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Massachusetts Records: What you need to know

The information provided here highlights some of the more important recordkeeping requirements that apply to most employers in Massachusetts, regardless of industry. There may be other state recordkeeping requirements that are specific to certain businesses or industries. In addition, there are many federal statutes that require employers to keep certain records related to employment.
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Employers should keep in mind that the time period for retaining records set forth in the various statutes are minimums. Because these records are critical to the employer if its compliance with federal or state law is questioned or if it must defend itself against employment-related litigation, employers may want to retain employment-related records for longer periods. Moreover, the penalties for not keeping required records may be severe.
Covered employers. All employers of minors who are under 18 years of age are subject to the recordkeeping requirements.
Required. Children who are 14 to 17 years of age must have an employment permit issued by the superintendent of schools. Employers of such children must obtain the employment permits and keep them on file, along with a list of the children's names and ages. The employment permits must be accessible to a city or town's supervisor of attendance, the state Department of Education, and the attorney general. Employers must return the permits to the superintendent of schools or other authorized issuer within 2 days of the termination of the minor's employment. State law does not require educational certificates for 16 to 17 year olds.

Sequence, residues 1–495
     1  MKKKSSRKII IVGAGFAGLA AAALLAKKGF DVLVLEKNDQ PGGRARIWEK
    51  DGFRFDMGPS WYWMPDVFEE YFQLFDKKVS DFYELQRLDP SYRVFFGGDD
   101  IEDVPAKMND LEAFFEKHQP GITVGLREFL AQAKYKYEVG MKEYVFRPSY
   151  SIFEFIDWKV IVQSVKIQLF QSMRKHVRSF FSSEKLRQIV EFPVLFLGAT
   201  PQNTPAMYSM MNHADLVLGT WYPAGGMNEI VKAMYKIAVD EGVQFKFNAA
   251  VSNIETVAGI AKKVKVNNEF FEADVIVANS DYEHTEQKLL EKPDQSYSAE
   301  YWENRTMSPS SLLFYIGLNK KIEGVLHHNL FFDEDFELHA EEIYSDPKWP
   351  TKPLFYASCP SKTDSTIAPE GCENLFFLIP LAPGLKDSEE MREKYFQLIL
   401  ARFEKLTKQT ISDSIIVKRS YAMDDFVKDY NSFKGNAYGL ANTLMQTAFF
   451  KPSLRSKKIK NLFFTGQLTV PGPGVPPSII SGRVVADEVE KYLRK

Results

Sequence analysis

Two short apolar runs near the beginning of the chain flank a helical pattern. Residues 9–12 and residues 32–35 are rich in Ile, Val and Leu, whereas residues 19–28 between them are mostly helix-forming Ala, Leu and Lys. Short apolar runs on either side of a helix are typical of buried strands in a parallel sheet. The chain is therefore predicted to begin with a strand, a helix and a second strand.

To be retained. Documents must be kept on file during the period of the minor's employment ...

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Record retention is complex and time consuming. However, in addition to complying with various federal and state laws, keeping good, well-organized records can be very helpful in documenting and supporting an organization’s employment actions.
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This special report will discuss how you can ensure your records are in good order, and establish a record-retention policy.

Topics covered:
1. Hiring Records
2. Employment Relationships
3. Termination Records
4. Litigation Issues
5. Electronic Information Issues
6. Tips for Better Recordkeeping
7. A List of Legal Requirements

Make sure you have the information you need to know to keep your records in order.